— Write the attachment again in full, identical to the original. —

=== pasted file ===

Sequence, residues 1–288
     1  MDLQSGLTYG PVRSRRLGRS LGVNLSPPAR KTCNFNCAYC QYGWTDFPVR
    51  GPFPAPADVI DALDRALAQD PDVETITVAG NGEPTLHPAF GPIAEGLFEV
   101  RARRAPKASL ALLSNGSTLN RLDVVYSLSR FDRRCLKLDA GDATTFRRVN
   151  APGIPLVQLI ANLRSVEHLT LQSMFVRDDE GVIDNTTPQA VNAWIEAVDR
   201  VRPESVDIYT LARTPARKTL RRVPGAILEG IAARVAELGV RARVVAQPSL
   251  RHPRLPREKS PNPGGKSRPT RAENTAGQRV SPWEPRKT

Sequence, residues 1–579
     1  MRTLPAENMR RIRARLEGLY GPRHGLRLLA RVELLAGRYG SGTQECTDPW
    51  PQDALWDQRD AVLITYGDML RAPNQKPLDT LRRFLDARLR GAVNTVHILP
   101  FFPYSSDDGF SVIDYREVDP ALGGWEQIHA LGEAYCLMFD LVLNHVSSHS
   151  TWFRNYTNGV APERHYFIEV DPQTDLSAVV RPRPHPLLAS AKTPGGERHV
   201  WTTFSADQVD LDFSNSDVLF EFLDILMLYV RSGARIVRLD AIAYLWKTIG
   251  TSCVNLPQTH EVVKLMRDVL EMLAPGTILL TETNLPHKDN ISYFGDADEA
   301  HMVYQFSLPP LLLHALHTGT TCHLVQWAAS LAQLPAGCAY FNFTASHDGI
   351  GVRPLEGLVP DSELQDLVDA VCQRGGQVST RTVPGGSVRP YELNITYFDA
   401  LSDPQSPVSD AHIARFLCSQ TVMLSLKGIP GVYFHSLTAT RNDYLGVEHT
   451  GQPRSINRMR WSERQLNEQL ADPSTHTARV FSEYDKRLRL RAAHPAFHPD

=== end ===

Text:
Sequence, residues 1–288
     1  MDLQSGLTYG PVRSRRLGRS LGVNLSPPAR KTCNFNCAYC QYGWTDFPVR
    51  GPFPAPADVI DALDRALAQD PDVETITVAG NGEPTLHPAF GPIAEGLFEV
   101  RARRAPKASL ALLSNGSTLN RLDVVYSLSR FDRRCLKLDA GDATTFRRVN
   151  APGIPLVQLI ANLRSVEHLT LQSMFVRDDE GVIDNTTPQA VNAWIEAVDR
   201  VRPESVDIYT LARTPARKTL RRVPGAILEG IAARVAELGV RARVVAQPSL
   251  RHPRLPREKS PNPGGKSRPT RAENTAGQRV SPWEPRKT

Sequence, residues 1–579
     1  MRTLPAENMR RIRARLEGLY GPRHGLRLLA RVELLAGRYG SGTQECTDPW
    51  PQDALWDQRD AVLITYGDML RAPNQKPLDT LRRFLDARLR GAVNTVHILP
   101  FFPYSSDDGF SVIDYREVDP ALGGWEQIHA LGEAYCLMFD LVLNHVSSHS
   151  TWFRNYTNGV APERHYFIEV DPQTDLSAVV RPRPHPLLAS AKTPGGERHV
   201  WTTFSADQVD LDFSNSDVLF EFLDILMLYV RSGARIVRLD AIAYLWKTIG
   251  TSCVNLPQTH EVVKLMRDVL EMLAPGTILL TETNLPHKDN ISYFGDADEA
   301  HMVYQFSLPP LLLHALHTGT TCHLVQWAAS LAQLPAGCAY FNFTASHDGI
   351  GVRPLEGLVP DSELQDLVDA VCQRGGQVST RTVPGGSVRP YELNITYFDA
   401  LSDPQSPVSD AHIARFLCSQ TVMLSLKGIP GVYFHSLTAT RNDYLGVEHT
   451  GQPRSINRMR WSERQLNEQL ADPSTHTARV FSEYDKRLRL RAAHPAFHPD